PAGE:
3. Greetings, beautiful people, it's been way too long, but finally, the Falcons have given me something interesting to dig into. I've made no secret over the years of my love for defensive football, so you can imagine how rough these past few seasons have been. Every football sensibility I have has been assaulted by these sumbitches in every way, but on Sunday... oh, boy, Sunday was a welcome respite. For ONE AFTERNOON, our defense was everything I ever wanted it to be, and against the Saints, no less. Now there was a whole lot of good football to break down Sunday, but for my own selfish reasons, I'm gonna dig into one of my favorite parts of the game: Stunts. I love me some defensive line stunts. Not as much as I love run fits, but it's a close second -- kinda like that middle child you love to death, but maybe not quite as much as that first born. You know what I'm talking about? Yes? No? Ok, you don't have to admit it. Just in case there are any questions as to what a defensive line stunt is, it's basically where your pass rushers will exchange rush lanes to confuse the protections. Almost like when the offense aligns their receivers tight to create a natural pick. Here, we're doing the same thing. We're trying to create a free runner, to the QB. It can wreak havoc on a offensive line if it's well timed and executed. People talk about being creative on defense, being aggressive, bringing pressure... this is a way to accomplish all of that, while rushing four and not compromising your coverage. There are literally endless combinations of them you can bring: E/T, T/E, Double Tex. You can E/T on one side and T/E on the other, you can run Pirate, Charlie, then you can bring a backer into it add even more combinations. The only limit is your imagination. But for the sake of brevity, I'm gonna focus on this one from the 2nd quarter. 3rd and 4 - 2nd quarter: Now we want to look at the alignment first and the personnel. Vic's in a wide-9, Takk is next to him inside in a 4 technique on the offensive tackle, Grady is in a 1 tech, and Clay is aaalllll the way to the other side in no-man's land in a 9. This is a really creative use of personnel. Your two most athletic pass rushers to one side, next to your best interior rusher, and your best overall pass rusher all by himself. What do you do as an offensive line with this -- three to one side, one to the other? Naturally you're gonna want to slide your protection, which way? And if you do, it's gonna leave you thin somewhere else. It's almost like when the offense puts three receivers to one side, and Julio all by himself wide to the other. It forces the coverage to adjust in ways that stresses them. You dictate terms when you do stuff like that. But here, we are dictating to the offense and forcing them to adjust. This is the game that we have on. We've got a TEX stunt to the left side of the screen where the Tackle will go first, hard to the outside, while the End will fake a rush upfield, then loop around inside where the defensive tackle used to be and find the hole. On the other side we have an Exit stunt where the End will go first. Here, Clay will take a hard inside move and it's Grady who is supposed to be the looper. Here is how it actually plays out. New Orleans slides their line to Takk and Vic's side, which makes sense. Clay on the end, makes a hard inside move at the snap. No wasted motion. He's going right now to pull that offensive tackle inside. The back, Murray, is in a check release on the Campbell. Campbell didn't blitz, so he's gonna release into the pattern. Kamara to the other side in the wing, gets out immediately, so it's a straight 5 man protection. It's all on their linemen to beat ours. This is the key part of this play. Grady starts from a 1tech and slants all the way over to the left guard (pictured right) and engages him. Because he engages him, that guard now cannot pick up Clay coming on the loop. The tackle on Clay correctly looks to pass him off to the guard and pick up Grady, but Grady ain't coming quite yet. The game to this side ain't exactly playing out as designed, but that's part of it. Defensive line coaches tell their guys all the time, "I can't tell you were the hole is going to open up", you just gotta keep rushing and find it. Be a football player. This right here is just pure beauty. Poor #75 at guard is just all in pieces. Ain't in position to block nobody. His man Grady done looped around, and Clay done came out of nowhere and knocked the s*** out of him. Another thing to look at is because of the alignment and the slide to Takk and Vic, the Center has to block to that side. So he can't help to the side where our most dangerous rushers are --Clay, and Grady. He's gotta help out to the other side. No commentary needed. #75 is dog food... ... And Drew is dead. Now to be fair, #75 is in a bad spot. Usually, and especially when you're a guard, you've got a man over you, so you naturally can pick up those games better. But this is just an awesome design to screw with the protection of the Saints, knowing they would slide the line to Takk and Vic and that would create one-on-ones for Grady and Clay. More of this, please. Credit @SPITFIRE for looking out on that All-22.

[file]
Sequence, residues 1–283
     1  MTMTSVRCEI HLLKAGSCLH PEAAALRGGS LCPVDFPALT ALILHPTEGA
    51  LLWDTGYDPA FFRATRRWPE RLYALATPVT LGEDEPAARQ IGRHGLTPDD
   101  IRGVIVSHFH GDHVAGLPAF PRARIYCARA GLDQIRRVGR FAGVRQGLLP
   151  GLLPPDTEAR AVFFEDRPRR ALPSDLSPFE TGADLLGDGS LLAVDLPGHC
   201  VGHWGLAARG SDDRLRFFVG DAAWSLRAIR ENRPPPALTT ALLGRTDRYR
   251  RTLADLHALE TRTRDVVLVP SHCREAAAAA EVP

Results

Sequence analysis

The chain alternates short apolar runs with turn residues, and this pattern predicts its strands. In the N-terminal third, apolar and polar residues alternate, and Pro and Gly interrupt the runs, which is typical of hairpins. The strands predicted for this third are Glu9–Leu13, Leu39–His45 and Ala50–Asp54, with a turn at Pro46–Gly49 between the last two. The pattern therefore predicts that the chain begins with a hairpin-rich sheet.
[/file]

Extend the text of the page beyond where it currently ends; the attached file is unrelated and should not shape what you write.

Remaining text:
4. To everyone who wants to just blitz and stop playing so soft... quiet as kept, you've been getting your wish. 5 man pressure... 5 man pressure... 5 man pressure with a Beasley special... 5 man pressure with a muddy pre-snap look... All it's doing is making it easier on the QB.